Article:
And so I’m like, so why did this guy do good and this woman’s, you know, whatever. Or like, did Stephen King Facebook his way into writing? Well, I don’t think so, you know. Anyway, so my point is, I don’t market at all on social media, so I just do ads. Advertising is like, if you’re spending too much time on it, you’re usually just screwing everything up, so you kind of got to just let it run. And even now I’m trying to pawn it off onto someone else. I’m working with someone else right now so I can… because like my wife says, you know, do you want to be an ads guy or do you want to be a writer? And I’m like, yeah, I kind of want to be a writer. Good question.

Alessandra: And do you do Facebook and AMS or like what ad platform?

Jeff: I just do AMS. I’ve tried Facebook and I probably need to have someone else who’s not so reactive do it for me. like, you know what I mean? Because like, I’m very reactive. I’ll go in and I’m like, oh, that’s weird. And I’ll tinker with stuff and then just screw it up. It just all blows up and then I do more stuff. Yeah, it’s just the worst.

Alessandra: So would you say to return to Suzanne’s question, 20% of your time you spend marketing or do you think less or more?

Jeff: Like, I think probably less. Yeah, way less. I don’t even know. And that’s maybe like part of that like creativity gap that I’m feeling is like, maybe I need to connect with my readers more with social media and do those videos for that reason and stuff like that. I’m working on that.

Alessandra: Linda said that you mentioned self-publishing. How much time does that take up?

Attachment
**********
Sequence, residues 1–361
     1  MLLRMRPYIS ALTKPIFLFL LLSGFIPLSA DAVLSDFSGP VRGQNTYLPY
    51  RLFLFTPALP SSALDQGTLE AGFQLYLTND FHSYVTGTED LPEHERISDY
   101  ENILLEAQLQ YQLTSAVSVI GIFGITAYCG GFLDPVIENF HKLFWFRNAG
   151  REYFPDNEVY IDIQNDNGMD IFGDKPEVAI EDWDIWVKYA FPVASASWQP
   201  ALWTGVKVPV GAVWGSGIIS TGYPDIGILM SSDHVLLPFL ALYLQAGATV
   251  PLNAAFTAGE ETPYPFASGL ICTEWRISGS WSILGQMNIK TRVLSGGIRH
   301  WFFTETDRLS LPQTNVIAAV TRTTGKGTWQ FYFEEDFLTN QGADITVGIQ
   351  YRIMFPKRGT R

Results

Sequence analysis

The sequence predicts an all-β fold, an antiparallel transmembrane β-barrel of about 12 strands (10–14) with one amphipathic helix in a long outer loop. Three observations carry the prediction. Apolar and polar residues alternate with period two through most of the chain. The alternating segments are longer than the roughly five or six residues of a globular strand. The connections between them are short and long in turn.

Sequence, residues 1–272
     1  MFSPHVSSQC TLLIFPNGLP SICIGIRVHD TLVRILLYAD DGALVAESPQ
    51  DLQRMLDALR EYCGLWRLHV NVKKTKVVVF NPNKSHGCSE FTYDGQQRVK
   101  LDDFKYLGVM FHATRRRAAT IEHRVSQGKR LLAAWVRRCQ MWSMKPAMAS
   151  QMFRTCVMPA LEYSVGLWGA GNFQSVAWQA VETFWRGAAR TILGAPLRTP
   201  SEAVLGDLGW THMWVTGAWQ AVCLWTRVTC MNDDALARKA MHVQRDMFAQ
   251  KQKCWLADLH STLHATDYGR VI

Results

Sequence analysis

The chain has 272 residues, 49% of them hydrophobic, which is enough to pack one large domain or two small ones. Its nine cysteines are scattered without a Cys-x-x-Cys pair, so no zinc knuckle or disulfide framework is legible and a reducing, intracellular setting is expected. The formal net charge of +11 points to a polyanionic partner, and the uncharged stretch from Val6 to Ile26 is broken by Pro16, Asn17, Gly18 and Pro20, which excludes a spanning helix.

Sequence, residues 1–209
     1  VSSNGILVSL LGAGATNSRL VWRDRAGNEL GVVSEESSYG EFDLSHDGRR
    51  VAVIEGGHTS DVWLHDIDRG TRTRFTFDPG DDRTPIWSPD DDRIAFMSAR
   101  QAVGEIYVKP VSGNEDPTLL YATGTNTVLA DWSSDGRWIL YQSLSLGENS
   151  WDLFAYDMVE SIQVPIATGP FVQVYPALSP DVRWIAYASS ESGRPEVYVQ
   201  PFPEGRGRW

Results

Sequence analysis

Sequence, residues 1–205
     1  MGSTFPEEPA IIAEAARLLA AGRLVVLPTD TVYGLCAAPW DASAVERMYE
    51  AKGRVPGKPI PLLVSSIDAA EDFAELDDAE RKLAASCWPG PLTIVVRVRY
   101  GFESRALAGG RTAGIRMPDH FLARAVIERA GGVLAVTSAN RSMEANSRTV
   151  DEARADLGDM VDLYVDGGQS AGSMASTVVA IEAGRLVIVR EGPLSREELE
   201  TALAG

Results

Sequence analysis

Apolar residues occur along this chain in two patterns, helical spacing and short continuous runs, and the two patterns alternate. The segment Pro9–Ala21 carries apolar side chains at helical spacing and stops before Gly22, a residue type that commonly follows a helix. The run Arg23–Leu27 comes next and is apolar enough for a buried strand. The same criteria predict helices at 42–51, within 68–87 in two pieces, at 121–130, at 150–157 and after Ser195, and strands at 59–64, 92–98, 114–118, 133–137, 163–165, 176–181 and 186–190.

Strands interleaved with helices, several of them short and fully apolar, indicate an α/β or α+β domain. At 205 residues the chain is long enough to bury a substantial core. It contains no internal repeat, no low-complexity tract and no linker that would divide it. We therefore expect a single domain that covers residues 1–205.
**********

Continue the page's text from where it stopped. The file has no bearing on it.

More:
Jeff: Oh, like, as far as like the literal like execution of publishing the book, it’s not much time at all. It’s just, you know, I have a guy who does my covers. I write the blurb or description. I like to do all the – what do you call it, the creative for like the A+ pages and stuff like that. I like to tinker on Canva for that and stuff.

Alessandra: What about editing? You said you kind of write all the way through and don’t let yourself edit as you write your first draft? How much time do you spend in, in editing? Do you do three or four rounds? Is it just one round of an edit? Is it months?

Jeff: Yeah, it’s usually like three, it’s like a month or two. I’m trying to keep it to like a month, month and a half now, and that’s me going through it like three times and then somebody else going through it twice. First time for line editing, and then second time for just, you know, where are the commas, the double, hes, you know, stuff like that.

Alessandra: And back on Facebook, someone said, do you set yourself a deadline to be done? And I know you said you were writing like every day January or February 1st or something, but can we talk through kind of your deadlines? Do you have a deadline for first draft, a deadline for edits? Do you already know when you’re going to be publishing these books? Are they up on pre-order? How tight is your timeframe and how much is it planned out?

Jeff: That’s another good, great question. I set myself a deadline to be done. The last two books I’ve done pre-orders and after this last pre-order, just the feeling I had throughout writing this book and if I got stuck in the plot and I felt this ax over my head with the pre-order, I was just like, I’m never doing this again. I was like so angry at myself. And so, I’m not doing that next time. I’m not going to do it unless like, so what I’ll do is, I’ll set myself a deadline for like a month ahead, just really go for that deadline and if it pushes out, it pushes out, whatever and then get to it. And then as soon as I’m done with that first draft, and maybe I read through it once and I realize, OK, it’s not ridiculous, you know, there’s no glaring plot errors, then I can put a pre-order date on it. And that really helps me get through that editing process with other people too. Like saying like, Hey, this is the deadline, you know, for you too. And it’s maybe not fair to them, but I’m usually giving way too little time I feel like, to my editors, but it helps really get the process out and that’s what I do at the end.